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Chapter Eleven
Nebraska, 1918-1926

Our idea of going to and staying with the Great Western was that it was an agricultural industry and all of their factories were in permanent towns with schools, churches and normal life, suitable for growing children. I started at much lower pay than I had been making, only about half, and had to work twelve hours a day, seven days a week then, something that had been out of date for many, many years in the mining and general industries, but we had the three kiddies on our hands and no accumulated money. At this time, it may be well to briefly explain the difference between the mining-metallurgical game with that of a strictly agricultural industry, such as sugar.

Speaking in general, as there are always exceptions to any rule, mining has much more romance and interest than does sugar, or similar industries. One meets and knows more interesting people in mining, very much more interesting. Around any group of mining men there will always be one or more who has worked in far away interesting places such as Alaska, Africa, Korea, South America and the like. There is a wholesomeness about mining people that is unique, they play hard work hard and fight hard, but their hearts are really bigger, I believe, than those of agricultural peoples. Probably all this is because they live a broader more cosmopolitan life.

On the other hand the mining game, in general, just is not for the family man. Too many times the family cannot be with the man for months or years, and, if they are together, life is not fair to either the wife or children. One generally makes considerably more money in the mining game, but the moving life and restlessness generally tends to spending it as fast as you make it, so you actually do not net any more.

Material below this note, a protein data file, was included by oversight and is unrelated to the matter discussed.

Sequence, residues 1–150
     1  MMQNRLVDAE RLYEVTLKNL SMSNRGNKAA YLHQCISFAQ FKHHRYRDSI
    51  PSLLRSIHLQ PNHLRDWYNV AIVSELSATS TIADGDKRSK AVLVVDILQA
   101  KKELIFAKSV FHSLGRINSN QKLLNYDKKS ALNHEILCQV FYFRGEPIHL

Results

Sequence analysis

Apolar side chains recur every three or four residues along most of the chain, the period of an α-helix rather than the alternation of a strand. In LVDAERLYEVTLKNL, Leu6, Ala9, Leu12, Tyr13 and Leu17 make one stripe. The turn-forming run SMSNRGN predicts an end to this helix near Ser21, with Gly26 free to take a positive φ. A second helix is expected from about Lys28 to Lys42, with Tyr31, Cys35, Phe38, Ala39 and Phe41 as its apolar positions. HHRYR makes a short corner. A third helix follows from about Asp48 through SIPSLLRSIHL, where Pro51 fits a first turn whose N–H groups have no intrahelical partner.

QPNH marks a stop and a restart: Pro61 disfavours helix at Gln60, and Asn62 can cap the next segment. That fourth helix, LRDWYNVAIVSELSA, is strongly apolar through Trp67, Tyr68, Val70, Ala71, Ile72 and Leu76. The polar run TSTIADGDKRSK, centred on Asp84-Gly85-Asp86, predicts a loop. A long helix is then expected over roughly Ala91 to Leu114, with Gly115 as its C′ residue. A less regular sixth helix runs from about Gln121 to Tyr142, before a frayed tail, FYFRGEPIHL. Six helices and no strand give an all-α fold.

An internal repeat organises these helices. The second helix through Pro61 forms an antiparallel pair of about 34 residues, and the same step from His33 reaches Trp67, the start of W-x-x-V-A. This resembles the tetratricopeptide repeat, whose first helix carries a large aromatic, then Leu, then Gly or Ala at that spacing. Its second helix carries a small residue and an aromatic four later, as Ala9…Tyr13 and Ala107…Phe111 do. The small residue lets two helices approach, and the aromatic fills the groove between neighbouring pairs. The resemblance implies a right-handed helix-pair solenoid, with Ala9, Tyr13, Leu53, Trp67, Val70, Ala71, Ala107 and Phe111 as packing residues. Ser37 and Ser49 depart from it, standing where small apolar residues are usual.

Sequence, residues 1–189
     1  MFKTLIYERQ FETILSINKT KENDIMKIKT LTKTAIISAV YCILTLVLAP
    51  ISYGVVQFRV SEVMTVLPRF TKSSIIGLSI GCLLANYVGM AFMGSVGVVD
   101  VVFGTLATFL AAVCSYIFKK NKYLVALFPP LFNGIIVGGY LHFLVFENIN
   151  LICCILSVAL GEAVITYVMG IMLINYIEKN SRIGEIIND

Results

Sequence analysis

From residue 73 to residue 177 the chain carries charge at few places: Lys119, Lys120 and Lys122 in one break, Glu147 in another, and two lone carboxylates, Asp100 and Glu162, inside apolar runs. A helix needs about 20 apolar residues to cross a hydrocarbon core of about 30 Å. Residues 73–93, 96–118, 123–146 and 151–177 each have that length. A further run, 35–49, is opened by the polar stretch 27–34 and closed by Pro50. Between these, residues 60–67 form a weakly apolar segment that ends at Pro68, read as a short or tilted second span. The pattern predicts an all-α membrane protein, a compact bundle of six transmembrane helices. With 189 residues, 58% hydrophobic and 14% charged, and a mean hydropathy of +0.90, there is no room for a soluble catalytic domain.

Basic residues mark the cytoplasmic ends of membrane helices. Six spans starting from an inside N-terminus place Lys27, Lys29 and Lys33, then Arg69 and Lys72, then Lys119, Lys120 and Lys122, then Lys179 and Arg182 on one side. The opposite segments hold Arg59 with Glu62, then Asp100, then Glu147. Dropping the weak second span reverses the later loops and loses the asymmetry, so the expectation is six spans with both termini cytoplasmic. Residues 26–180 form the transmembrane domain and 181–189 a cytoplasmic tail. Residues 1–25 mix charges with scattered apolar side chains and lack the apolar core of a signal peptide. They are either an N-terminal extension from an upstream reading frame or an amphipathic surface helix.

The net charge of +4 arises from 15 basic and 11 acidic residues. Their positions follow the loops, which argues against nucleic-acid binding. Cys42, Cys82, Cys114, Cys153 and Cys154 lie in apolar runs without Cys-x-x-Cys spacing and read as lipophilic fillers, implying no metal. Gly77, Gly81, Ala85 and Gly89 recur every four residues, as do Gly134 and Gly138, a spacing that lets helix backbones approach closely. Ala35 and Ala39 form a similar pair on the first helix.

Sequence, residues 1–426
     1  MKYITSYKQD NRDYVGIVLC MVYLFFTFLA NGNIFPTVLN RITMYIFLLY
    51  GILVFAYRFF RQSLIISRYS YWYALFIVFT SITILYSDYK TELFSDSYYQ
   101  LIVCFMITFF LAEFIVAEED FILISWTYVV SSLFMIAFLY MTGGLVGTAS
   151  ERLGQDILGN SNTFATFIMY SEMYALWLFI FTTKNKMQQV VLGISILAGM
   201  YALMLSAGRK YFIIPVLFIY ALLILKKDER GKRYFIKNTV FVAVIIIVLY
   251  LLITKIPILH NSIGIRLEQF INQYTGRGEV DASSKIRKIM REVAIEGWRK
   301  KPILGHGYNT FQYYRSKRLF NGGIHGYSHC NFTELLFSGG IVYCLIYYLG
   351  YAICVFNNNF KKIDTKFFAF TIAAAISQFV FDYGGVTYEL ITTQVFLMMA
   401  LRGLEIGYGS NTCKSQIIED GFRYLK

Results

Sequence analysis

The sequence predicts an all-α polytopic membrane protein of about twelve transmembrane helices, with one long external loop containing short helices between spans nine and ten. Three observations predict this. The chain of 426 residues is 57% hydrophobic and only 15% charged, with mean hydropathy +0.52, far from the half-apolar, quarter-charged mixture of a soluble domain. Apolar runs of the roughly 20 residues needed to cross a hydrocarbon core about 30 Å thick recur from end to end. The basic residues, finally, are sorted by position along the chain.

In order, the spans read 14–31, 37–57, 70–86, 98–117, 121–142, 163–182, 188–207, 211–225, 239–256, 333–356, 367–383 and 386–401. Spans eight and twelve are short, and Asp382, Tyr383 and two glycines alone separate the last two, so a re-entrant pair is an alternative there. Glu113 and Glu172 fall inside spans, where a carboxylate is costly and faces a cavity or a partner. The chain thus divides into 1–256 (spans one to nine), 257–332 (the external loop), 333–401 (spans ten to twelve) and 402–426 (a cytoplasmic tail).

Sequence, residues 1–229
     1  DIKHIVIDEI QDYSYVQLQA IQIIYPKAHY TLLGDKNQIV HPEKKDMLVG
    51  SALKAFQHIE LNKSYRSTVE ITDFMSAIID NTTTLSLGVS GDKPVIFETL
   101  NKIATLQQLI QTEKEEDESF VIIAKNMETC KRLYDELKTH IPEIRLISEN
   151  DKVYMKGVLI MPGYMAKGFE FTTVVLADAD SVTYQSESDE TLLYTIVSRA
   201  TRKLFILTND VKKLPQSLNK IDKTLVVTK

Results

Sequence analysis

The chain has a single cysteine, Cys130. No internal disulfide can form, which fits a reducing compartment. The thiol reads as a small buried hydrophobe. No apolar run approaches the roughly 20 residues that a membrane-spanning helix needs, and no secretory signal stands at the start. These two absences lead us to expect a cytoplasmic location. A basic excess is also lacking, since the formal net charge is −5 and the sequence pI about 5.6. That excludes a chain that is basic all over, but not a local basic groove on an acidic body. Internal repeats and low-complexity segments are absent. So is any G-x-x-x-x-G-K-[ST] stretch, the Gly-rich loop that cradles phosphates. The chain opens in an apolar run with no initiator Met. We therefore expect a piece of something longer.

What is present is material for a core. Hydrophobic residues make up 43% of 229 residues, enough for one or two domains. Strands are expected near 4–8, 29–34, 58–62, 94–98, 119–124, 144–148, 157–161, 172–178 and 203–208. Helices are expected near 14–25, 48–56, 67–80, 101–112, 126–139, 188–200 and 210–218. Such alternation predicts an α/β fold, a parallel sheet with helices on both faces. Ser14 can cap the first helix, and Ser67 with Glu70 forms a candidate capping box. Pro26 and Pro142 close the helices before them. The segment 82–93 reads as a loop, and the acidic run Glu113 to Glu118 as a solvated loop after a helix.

All this adds up to the fact that at this point, this story will change, because from now on, with few exceptions, there are not the interesting, unusual and exciting people, places and events to talk about. In other words, we now settle down to somewhat of a normal way of life and our interests and hence this story becomes entirely the story of our family. It is good and proper that this is so.

We were at Scottsbluff, Nebraska from the fall of 1918, until the spring of 1920. At the Scottsbluff factory, I was a routine chemist in the true sense of the word, rather just a cook book analyst. Then, I was special analyst doing a little more of what could be termed chemical work, the potash chemist and then assistant chemist or better named shift chemist, in charge of a small crew. Sugar chemistry is completely different than metallurgical chemistry yet all laboratory work is basically the same, so I had considerable advantage over my fellow workers, in that I had been in charge of assay offices, really laboratories, for years; hence my rapid promotions. Sugar factory pay was then very much lower than that in the mining industry, for two reasons. First, mining pay rates had through many years been favorably affected by unionism, whereas there never had been a union in a beet sugar factory. Second, a sugar factory being located in agricultural towns naturally tended towards the then very low pay of farm help. In a broad sense, the general caliber of the sugar workers was definitely lower than that of those in the mining industry, because the labor, the same as with any other commodity, you generally get what you pay for.